The Trump administration’s trade policies have wreaked havoc on fragile market access for America’s farmers and ranchers. The president has withdrawn the United States from the Trans-Pacific Partnership, which would have clawed open notoriously closed Asian agricultural markets; he has threatened to withdraw from the North American Free Trade Agreement, which provides enormous market access for U.S. producers; and he has waged an aggressive trade war on a number of countries, triggering predictable retaliation against American farm exports.
While President Trump’s trade policies have been problematic, the system he inherited is rife with trade-distorting subsidies and other forms of protectionism.
Looking to atone for the protectionist sins of the Smoot-Hawley tariffs, which raised about 900 import levies just as the U.S. was sliding into the Great Depression, Roosevelt administration Secretary of State Cordell Hill believed that economic interdependence and a global trading system would help promote a lasting peace after World War II. It was with Hull’s vision in mind that trade negotiators from the U.S. and 22 other countries convened in Geneva, Switzerland, in spring 1947.
At that time, the average tariff of participating countries was 22%. What emerged from these negotiations was the General Agreement on Tariffs and Trade. Since that time, the overall trajectory of trade policy has been toward a global system based on predictable rules that mitigates skirmishes and prevents full-fledged trade wars. Over the course of multiple successful negotiations, known as “rounds,” more countries were added to this system, and trade barriers were continually reduced. Today, the average applied tariff of the 164 members of the World Trade Organization, the successor to GATT, is just 9%.
But most of the reduction in trade barriers focused on cuts to industrial tariffs. Few agriculture tariffs were capped, and export subsidies were permitted for agricultural products. Despite multiple negotiating rounds, agriculture trade was still a mess — rife with tariffs and other non-tariff barriers. By the 1980s, subsidies to farm producers in developed countries had caused a massive surplus, which was then sold around the world at depressed prices. This trade distortion undercut local markets.
During the Uruguay Round, the negotiation that took place between 1986 and 1993, signatory countries radically altered the GATT system. Most notably, the GATT was transformed into the World Trade Organization. Among other changes ushered in by the Uruguay Round was the creation of binding dispute settlement between countries. Also included was the Agreement on Agriculture. For the first time, WTO members agreed to cap their trade-distorting agricultural subsidies and cut tariffs. The U.S., for instance, agreed to cap its most trade-distorting subsidies at $19.1 billion annually.
While the Agreement on Agriculture was a good start, it does not go nearly far enough. Regrettably, the Uruguay Round was the last successful multilateral round at the WTO. Today, agriculture remains one of the most heavily protected industries in the world.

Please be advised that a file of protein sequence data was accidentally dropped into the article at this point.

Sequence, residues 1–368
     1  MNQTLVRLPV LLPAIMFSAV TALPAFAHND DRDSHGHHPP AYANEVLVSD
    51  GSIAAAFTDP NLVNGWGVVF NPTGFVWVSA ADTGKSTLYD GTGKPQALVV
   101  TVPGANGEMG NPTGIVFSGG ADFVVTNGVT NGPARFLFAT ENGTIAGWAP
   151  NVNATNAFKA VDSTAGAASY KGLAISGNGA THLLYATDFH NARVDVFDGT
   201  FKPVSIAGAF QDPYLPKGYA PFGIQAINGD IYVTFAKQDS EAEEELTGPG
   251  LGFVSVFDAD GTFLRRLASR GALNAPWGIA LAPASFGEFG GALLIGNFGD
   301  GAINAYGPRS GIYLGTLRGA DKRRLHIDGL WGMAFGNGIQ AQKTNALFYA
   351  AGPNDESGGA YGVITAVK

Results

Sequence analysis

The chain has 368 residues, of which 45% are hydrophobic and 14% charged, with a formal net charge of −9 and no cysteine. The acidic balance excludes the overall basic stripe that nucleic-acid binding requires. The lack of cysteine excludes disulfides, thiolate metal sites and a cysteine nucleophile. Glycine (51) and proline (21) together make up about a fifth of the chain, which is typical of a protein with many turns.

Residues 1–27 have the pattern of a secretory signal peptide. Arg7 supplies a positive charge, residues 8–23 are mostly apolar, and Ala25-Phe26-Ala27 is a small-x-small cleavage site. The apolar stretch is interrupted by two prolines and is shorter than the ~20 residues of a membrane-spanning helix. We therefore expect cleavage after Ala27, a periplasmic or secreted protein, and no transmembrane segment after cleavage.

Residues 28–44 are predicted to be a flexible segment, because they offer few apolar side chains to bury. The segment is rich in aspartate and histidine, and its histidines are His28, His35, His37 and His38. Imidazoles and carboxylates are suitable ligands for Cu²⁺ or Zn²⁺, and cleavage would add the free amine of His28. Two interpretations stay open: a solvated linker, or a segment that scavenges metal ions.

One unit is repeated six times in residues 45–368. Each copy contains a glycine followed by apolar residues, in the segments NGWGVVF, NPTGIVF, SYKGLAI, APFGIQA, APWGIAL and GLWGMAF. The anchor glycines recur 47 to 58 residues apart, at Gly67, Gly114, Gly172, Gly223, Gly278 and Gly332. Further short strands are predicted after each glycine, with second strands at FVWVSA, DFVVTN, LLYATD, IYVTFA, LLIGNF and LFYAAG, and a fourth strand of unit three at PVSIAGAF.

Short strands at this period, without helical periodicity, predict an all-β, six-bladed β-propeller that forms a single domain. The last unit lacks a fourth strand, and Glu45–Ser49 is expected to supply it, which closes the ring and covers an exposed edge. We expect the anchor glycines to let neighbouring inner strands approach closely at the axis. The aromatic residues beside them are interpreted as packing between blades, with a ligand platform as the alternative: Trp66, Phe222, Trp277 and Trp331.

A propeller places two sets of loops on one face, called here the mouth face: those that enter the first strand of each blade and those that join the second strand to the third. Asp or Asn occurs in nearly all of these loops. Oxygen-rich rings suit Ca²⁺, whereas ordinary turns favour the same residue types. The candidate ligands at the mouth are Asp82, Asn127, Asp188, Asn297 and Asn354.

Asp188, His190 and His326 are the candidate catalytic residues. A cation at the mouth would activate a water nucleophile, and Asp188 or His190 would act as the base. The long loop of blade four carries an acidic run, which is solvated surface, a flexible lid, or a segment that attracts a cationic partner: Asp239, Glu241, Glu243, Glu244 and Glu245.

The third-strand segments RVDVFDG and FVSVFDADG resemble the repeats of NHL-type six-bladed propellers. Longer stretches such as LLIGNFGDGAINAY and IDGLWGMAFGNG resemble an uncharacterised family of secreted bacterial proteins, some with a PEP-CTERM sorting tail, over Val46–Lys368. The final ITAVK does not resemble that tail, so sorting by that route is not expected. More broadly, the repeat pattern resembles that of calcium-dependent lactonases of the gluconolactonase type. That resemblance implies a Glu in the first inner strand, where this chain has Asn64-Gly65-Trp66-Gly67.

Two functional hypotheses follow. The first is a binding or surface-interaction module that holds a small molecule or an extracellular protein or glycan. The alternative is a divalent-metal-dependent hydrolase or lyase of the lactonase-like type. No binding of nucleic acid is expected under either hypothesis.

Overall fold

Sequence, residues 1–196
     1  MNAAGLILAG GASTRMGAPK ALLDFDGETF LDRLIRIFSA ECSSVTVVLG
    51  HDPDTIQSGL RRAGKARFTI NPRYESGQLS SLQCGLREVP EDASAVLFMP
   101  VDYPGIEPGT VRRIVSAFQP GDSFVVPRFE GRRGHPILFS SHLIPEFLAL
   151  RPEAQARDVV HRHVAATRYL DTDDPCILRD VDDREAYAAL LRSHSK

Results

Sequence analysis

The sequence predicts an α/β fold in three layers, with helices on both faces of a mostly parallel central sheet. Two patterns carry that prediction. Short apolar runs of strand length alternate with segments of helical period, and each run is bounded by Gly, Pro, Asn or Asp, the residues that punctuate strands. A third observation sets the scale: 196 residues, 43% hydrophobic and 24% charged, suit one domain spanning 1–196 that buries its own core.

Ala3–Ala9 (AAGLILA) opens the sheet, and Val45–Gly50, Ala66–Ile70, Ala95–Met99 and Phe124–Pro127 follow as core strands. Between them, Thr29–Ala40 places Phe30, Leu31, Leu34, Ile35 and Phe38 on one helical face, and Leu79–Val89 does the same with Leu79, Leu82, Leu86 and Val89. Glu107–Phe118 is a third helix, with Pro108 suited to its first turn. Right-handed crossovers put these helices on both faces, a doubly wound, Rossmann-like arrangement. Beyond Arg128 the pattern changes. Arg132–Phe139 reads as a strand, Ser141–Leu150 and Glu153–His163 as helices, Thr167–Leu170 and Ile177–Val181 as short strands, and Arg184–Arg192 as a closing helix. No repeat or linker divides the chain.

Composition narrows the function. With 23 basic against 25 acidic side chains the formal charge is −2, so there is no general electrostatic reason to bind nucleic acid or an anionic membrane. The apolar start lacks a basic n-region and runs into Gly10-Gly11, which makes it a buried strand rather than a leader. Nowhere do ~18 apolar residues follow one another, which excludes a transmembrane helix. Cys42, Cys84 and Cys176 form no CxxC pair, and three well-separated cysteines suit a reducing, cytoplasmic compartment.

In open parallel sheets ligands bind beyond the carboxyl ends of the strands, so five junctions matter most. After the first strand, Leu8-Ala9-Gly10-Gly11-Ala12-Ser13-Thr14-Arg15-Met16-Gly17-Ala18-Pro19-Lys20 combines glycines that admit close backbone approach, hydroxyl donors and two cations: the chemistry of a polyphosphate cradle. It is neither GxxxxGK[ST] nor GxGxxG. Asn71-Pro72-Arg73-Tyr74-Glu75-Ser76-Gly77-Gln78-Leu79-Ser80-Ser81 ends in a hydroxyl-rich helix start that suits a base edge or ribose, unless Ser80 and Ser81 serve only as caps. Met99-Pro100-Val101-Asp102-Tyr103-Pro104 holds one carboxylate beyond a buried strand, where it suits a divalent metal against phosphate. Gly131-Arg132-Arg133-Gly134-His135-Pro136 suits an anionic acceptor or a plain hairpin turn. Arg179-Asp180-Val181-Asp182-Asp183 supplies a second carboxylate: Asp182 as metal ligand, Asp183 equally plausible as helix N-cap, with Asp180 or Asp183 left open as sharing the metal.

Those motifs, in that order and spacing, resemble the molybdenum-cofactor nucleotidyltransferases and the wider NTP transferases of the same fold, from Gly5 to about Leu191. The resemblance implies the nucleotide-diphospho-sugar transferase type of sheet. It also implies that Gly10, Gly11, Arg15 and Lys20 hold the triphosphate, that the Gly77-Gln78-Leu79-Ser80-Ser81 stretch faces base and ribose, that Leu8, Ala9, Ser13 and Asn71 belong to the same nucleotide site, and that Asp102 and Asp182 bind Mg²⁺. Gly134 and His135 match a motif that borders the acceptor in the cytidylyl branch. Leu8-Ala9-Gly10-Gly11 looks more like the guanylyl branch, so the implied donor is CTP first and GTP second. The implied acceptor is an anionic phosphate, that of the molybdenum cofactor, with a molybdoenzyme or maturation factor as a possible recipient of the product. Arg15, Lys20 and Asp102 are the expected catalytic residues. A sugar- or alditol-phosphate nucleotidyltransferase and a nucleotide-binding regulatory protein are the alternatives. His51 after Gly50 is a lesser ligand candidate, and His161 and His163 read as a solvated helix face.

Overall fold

Shortly after the Sept. 11 terrorist attacks, the U.S. convinced WTO members to launch the Doha Development Round. The overarching goal of the Doha Round was to liberalize trade in agriculture to help developing countries reach new export markets, which is instrumental to their growth and development. Over the course of the next seven years, members negotiated the Doha Round but to no avail. By 2008, it was apparent that the Doha Round would fail. Though there are several causes of Doha’s regrettable demise, a major culprit was the unwillingness by the U.S. and European Union, the richest WTO members, to cut their domestic agriculture subsidies. After negotiations laid dormant for several years, WTO members pulled the plug on the Doha Round in late 2015.
This is regrettable. A 2006 study from the Congressional Budget Office found that if trade distortions across the globe were eliminated, the annual benefit to the world could be as high as $185 billion. The potential upside of truly liberalizing trade in agriculture is too great to ignore. As the world’s largest and most important economy, the U.S. has an enormous bargaining chip to play in future multilateral negotiations, provided it can summon the will to cut its own domestic agriculture subsidies.
Not only would paring back domestic subsidies help facilitate growth in agricultural exports for American farmers and ranchers, but it also would benefit taxpayers who are on the hook for a nearly $900 billion farm bill over the decade, whose subsidies flow primarily to the largest corporate farms. According to a recent report by the Environmental Working Group, “Between 1995 and 2016, the top 10% received 77% of all ‘covered commodity’ subsidies,” and “the top 1% received 26% of all subsidies or $1.7 million per recipient.” Likewise, by encouraging overproduction and planting on marginal areas like wetlands, the domestic subsidies hurt the environment.
Unwinding the Trump trade wars is necessary, but not enough to secure the future of American agriculture. The real hurdle to expanded market access abroad is the domestic subsidies at home.